We, in the West, cast a critical eye toward these regimes. Political freedom is nonnegotiable even though we accept that civil/political rights and economic/ social rights are indivisible. Those regimes cannot last much longer because the growth of middle class will inevitably lead to claims for democracy and collapse of the regime. Ignatieff cautions against these optimistic and biased views. We need to understand that there are other models of governance than the one we hold as sacred. And those regimes can more than stay afloat as long as they deliver what the citizens need. Citizens need many things and no government can provide all

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of them. Liberal democracies are good at providing civil and political rights but they can be a mess politically and they have normalized staggering levels of economic inequality. Authoritarian capitalism seems unbearably repressive to our Western eyes, but it can be effective in providing what citizens need the most, a decent life and a sense of satisfaction about their nation’s place in the world. Thus, these regimes might be much more durable than we think.

Other non-Western countries are taking notice. Here, Ignatieff debunks the myth that authoritarian capital- ism lacks soft power. It is an attractive model not only for dictators and tyrants, but also for citizens ravaged by war and poverty. They might opt for a social con- tract of authoritarian capitalism over liberal democracy, knowing full well that they are giving the government a free hand in running their public life. But how can

we blame them when we have failed so many times in building a stable political system in the developing world? China and Russia know our credibility deficit in this regard and are actively exporting their model, of- fering no-strings-attached aid packages.

Ignatieff fully recognizes that these authoritarian capitalist regimes could crumble down if economic growth stops, and that it is an especially harsh system for persecuted minorities. Liberal democracies still hold many advantages over authoritarian capitalism, but before sounding a premature death knell for the latter, Ignatieff argues, we should look in the mirror and fix some unacceptable wrongs in our supposed liberal democracies. Most notably, the toxic influence of money in politics and extreme inequalities. And let us not forget, the US is seen as a police state that intercepts private conversations among its citizens as well as world leaders.

Having said all this, we cannot just ignore all the human rights violations under authoritarian capitalism. And if it spreads to more countries, we cannot sit idly by to let all those regimes repress their citizens. On this, Ignatieff is realistic. It is hard to change the behavior of major powers like China and Russia, just as it is hard to get the US to abide by the international human rights standards (see Ignatieff’s edited volume, American Exceptionalism and Human Rights, 2005). Their veto pow- er in the UN Security Council precludes any chance for coercive changes. But they are part of the international human rights regime. China and Russia are party to many UN human rights treaties with monitoring bodies (more than the US), which means that their human rights records in terms of torture, racial discrimination, children’s rights, and economic and social rights can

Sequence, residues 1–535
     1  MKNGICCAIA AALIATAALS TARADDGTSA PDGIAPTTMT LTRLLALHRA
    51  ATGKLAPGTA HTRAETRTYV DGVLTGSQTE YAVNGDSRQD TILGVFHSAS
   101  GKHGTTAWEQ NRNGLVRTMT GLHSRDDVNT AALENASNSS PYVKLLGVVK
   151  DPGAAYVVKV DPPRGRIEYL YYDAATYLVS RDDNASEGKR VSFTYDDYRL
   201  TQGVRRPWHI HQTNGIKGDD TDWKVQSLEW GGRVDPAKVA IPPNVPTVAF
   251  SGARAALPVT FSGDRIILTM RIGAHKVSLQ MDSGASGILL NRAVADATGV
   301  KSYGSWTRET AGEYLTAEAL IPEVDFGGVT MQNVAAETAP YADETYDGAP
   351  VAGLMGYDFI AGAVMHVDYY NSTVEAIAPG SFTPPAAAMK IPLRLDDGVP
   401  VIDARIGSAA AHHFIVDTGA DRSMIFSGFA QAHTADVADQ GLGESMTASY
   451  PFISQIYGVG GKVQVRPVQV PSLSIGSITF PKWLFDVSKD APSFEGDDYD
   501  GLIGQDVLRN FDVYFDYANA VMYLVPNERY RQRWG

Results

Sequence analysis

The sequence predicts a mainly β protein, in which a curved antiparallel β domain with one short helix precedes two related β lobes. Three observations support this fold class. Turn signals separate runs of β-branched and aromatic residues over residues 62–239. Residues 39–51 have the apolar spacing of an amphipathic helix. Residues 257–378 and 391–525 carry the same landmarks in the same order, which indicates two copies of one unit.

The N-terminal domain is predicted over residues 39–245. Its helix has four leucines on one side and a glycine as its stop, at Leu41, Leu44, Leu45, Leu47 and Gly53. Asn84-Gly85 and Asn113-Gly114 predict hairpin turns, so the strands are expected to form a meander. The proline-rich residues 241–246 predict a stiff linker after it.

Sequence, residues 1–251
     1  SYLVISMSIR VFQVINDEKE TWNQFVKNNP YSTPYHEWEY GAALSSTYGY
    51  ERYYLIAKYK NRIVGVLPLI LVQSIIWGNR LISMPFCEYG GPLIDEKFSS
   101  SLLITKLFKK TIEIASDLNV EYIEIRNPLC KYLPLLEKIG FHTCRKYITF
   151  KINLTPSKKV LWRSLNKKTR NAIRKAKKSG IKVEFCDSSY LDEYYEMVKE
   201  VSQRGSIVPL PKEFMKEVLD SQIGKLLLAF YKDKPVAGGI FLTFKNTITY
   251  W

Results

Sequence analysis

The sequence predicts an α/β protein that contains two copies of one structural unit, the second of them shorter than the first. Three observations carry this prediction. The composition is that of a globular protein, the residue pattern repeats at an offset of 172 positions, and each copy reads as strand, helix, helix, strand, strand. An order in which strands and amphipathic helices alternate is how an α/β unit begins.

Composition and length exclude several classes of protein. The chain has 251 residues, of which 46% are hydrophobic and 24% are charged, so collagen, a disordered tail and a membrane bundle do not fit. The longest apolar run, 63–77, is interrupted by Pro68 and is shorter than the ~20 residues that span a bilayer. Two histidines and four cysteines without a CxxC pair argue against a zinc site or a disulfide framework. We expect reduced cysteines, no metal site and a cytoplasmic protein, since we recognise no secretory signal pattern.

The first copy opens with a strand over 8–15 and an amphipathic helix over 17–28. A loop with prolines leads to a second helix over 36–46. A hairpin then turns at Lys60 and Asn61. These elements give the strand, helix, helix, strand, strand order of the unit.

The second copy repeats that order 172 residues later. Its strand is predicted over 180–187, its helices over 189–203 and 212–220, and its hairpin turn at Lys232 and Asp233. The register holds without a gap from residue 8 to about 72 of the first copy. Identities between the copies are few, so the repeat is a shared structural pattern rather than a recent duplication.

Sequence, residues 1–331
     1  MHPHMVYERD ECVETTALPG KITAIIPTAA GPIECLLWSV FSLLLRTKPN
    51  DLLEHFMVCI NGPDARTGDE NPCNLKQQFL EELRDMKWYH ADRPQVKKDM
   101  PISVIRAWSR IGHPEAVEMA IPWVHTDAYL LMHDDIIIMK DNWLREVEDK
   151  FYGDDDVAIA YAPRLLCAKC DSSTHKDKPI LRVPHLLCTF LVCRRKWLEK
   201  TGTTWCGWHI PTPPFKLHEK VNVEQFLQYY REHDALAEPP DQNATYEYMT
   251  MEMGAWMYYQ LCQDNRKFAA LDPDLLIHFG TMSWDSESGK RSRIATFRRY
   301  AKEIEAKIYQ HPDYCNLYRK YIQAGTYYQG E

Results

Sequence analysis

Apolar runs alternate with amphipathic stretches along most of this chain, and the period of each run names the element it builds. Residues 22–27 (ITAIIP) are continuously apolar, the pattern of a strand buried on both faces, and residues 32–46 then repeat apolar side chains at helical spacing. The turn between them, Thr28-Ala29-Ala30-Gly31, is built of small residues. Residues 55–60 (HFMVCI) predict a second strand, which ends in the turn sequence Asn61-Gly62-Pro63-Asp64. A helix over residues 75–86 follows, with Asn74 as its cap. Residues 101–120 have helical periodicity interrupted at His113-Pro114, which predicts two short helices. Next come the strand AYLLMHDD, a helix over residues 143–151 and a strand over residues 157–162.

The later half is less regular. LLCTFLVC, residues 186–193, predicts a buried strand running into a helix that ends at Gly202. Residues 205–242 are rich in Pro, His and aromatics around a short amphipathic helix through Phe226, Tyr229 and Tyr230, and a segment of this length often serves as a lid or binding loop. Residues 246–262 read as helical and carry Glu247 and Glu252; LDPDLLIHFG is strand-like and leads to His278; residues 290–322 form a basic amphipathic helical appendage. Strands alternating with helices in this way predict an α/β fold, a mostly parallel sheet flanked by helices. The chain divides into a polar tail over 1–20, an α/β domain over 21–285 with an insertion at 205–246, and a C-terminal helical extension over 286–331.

all be scrutinized by the respective committees (China has also ratified the CEDAW and Russia has ratified the ICCPR). In addition, they have to go through the Universal Periodic Review in the UN Human Rights Council every four years. Granted, these bodies rely on naming and shaming methods that might not have much quick impact. But that is how the international human rights regime has operated throughout its existence. For now, our only hope is to find a way to make it work.

What a treat it was. Not the rice pudding, as good as
it was, but having a chance to discuss human rights politics with Michael Ignatieff. I wondered why it is so rare to have a scholar with a wide vision and counter- intuitive insight like him in our field. In our ever more balkanized academic environment, we have a tendency to get mired in details of our research and miss the big picture. In our principles-oriented community of human rights scholars, our normative commitment might be shielding us from different views on reality. Whether we agree with Ignatieff’s views or not, we should all strive to see the forest not just the trees and constantly ask ourselves whether the lens through which we look at them may be tainted.

Please visit the Human Rights Initiative website for a recording of Michael Ignatieff’s lecture.

Kiyoteru Tsutsui’s research focuses on global diffusion of human rights and its impact on local politics. He has conducted (1) cross- national quantitative analyses on how human rights ideas and institutions expanded and impacted local politics, and (2) qualita- tive case studies on the impact of global human rights on minority rights activism and discourse around WWII in Japan. In addition to government practices and activism by civil society actors his recent research examines corporate behavior around social respectability initiatives. His research has appeared in American Sociological Review, American Journal of Sociology, Social Forces, Social Problems, and other social science journals, and he recently co-edited Corporate Social Responsibility in a Globalizing World (Cambridge University Press, 2015).